The inerrancy of Scripture is a shiboleth in some Evangelical circles, but the word is not without problems. Firstly, it is obvious to anyone involved in textual criticism that many errors have crept in during transmission, hence the qualification “as originally given” which is also fairly standard. However, secondly, but more importantly, the Scriptures never claim inerrancy for themselves. They claim only to be spoken (literally “breathed out” II Tim 3.16) by God and useful for a number of purposes related to Christian growth and living. We can infer that God does not lie, and therefore we would not expect to be misled by the writings he has inspired, when we interpret them sensibly and prayerfully, trusting in the guidance of his Spirit, but that is different from claiming an absolute principle of inerrancy which goes beyond what is written (c.f. I Cor 4.6).

This is important because there is danger in pushing the infallibility of Scripture too far. It can lead to over confidence in what is, too often, our own interpretation. The Scriptures are part of the riddled mirror (I Cor 13.12) through which we see our partial view of God, and should not be mistaken for the perfection which is to come when we see him “face to face”. Another danger is of unwittingly limiting the modes of expression God may employ to speak to us. Consider the parable of the good Samaritan (Lk 10.30-35). Are we to assume, if the Scriptures are absolutely true, that Jesus was talking about a real incident in which a particular man was robbed and beaten, and subsequently rescued by a passing Samaritan? Presumably, travellers were sometimes attacked on the road described, and sometimes were found at the roadside by others and given assistance. It is not beyond belief that such rescuers might sometimes be Samaritans or other foreigners, as they might also have been priests or Levites less callous than the ones Jesus had in his story. But are we required to believe Jesus was referring to a specific incident rather than simply illustrating what might typically be expected? No, because Jesus’ opening two words (“Some man” – anthropos tis) point to the fictional nature of the story. The victim was not just “a man” but “some man”, and the Samaritan likewise was “some Samaritan” (v 33). Our Lord’s deliberate vagueness points to the characters’ exemplary rather than personal nature. Hence, inerrancy should not be pushed to insist that everything in the Scriptures should be taken literally. More subtle means of expression are present, and we must be alert to them.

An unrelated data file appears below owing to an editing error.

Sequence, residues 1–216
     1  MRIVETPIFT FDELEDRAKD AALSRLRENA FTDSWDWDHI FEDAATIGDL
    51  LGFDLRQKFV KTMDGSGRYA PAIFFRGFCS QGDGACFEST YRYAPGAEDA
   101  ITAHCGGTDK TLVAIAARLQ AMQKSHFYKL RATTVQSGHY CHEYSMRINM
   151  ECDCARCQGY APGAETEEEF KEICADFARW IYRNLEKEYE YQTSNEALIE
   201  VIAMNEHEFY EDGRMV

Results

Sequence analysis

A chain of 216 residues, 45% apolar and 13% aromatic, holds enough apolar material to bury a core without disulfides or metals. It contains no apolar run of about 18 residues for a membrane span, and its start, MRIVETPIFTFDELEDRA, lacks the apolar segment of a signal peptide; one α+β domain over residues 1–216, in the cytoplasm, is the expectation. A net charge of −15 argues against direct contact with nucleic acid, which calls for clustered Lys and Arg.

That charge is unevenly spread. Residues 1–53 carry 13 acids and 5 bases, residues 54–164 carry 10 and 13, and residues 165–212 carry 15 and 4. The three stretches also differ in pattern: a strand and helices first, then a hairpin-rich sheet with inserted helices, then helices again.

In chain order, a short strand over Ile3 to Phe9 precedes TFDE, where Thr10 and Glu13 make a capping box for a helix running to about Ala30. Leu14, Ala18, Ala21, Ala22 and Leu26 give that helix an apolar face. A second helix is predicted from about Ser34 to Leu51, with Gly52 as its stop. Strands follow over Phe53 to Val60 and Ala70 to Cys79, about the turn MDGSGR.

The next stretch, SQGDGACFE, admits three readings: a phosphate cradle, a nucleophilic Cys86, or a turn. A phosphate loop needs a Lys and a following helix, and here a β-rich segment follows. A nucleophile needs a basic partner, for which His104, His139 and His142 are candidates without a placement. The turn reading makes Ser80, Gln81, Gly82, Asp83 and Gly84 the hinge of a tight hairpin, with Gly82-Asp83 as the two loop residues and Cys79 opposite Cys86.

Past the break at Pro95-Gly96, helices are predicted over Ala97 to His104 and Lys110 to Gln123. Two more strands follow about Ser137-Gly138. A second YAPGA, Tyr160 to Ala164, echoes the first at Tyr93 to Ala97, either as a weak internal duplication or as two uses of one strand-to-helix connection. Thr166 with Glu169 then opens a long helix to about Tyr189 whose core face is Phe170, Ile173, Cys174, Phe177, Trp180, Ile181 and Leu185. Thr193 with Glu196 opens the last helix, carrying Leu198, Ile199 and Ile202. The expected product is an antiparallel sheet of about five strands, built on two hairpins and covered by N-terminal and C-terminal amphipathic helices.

An astute reader might object that the recorded fact in the Gospel According to St Luke was not the robbery but Jesus’ telling of the story. That might seem like a fair point until we remember the issue at stake, which is God’s truthfulness. Not only was God the Holy Spirit, through the Evangelist, recording the telling, but God the Son was the one recorded as telling it. Therefore, the parable of the good Samaritan must be as much the word of God as any other part of Scripture, and subject to the same principles regarding truth and interpretation.